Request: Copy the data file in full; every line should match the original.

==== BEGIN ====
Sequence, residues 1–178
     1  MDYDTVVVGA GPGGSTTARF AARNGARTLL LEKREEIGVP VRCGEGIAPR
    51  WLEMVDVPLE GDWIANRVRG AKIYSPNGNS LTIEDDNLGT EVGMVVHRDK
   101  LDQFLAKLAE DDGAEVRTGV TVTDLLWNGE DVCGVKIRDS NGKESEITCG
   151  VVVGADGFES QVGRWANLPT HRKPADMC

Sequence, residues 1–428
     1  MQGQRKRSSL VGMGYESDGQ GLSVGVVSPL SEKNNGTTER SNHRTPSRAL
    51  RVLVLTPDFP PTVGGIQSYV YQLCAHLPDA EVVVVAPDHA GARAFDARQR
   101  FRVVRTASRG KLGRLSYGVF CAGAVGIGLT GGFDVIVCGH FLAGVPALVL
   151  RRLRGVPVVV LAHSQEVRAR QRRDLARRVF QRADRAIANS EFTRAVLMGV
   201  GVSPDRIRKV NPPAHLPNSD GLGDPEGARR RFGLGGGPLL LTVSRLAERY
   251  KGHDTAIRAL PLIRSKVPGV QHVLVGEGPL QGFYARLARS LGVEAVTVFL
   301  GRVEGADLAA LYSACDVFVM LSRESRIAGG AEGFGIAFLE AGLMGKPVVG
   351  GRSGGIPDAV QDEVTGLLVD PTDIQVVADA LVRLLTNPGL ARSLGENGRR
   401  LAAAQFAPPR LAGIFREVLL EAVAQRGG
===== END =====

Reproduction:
Sequence, residues 1–178
     1  MDYDTVVVGA GPGGSTTARF AARNGARTLL LEKREEIGVP VRCGEGIAPR
    51  WLEMVDVPLE GDWIANRVRG AKIYSPNGNS LTIEDDNLGT EVGMVVHRDK
   101  LDQFLAKLAE DDGAEVRTGV TVTDLLWNGE DVCGVKIRDS NGKESEITCG
   151  VVVGADGFES QVGRWANLPT HRKPADMC

Sequence, residues 1–428
     1  MQGQRKRSSL VGMGYESDGQ GLSVGVVSPL SEKNNGTTER SNHRTPSRAL
    51  RVLVLTPDFP PTVGGIQSYV YQLCAHLPDA EVVVVAPDHA GARAFDARQR
   101  FRVVRTASRG KLGRLSYGVF CAGAVGIGLT GGFDVIVCGH FLAGVPALVL
   151  RRLRGVPVVV LAHSQEVRAR QRRDLARRVF QRADRAIANS EFTRAVLMGV
   201  GVSPDRIRKV NPPAHLPNSD GLGDPEGARR RFGLGGGPLL LTVSRLAERY
   251  KGHDTAIRAL PLIRSKVPGV QHVLVGEGPL QGFYARLARS LGVEAVTVFL
   301  GRVEGADLAA LYSACDVFVM LSRESRIAGG AEGFGIAFLE AGLMGKPVVG
   351  GRSGGIPDAV QDEVTGLLVD PTDIQVVADA LVRLLTNPGL ARSLGENGRR
   401  LAAAQFAPPR LAGIFREVLL EAVAQRGG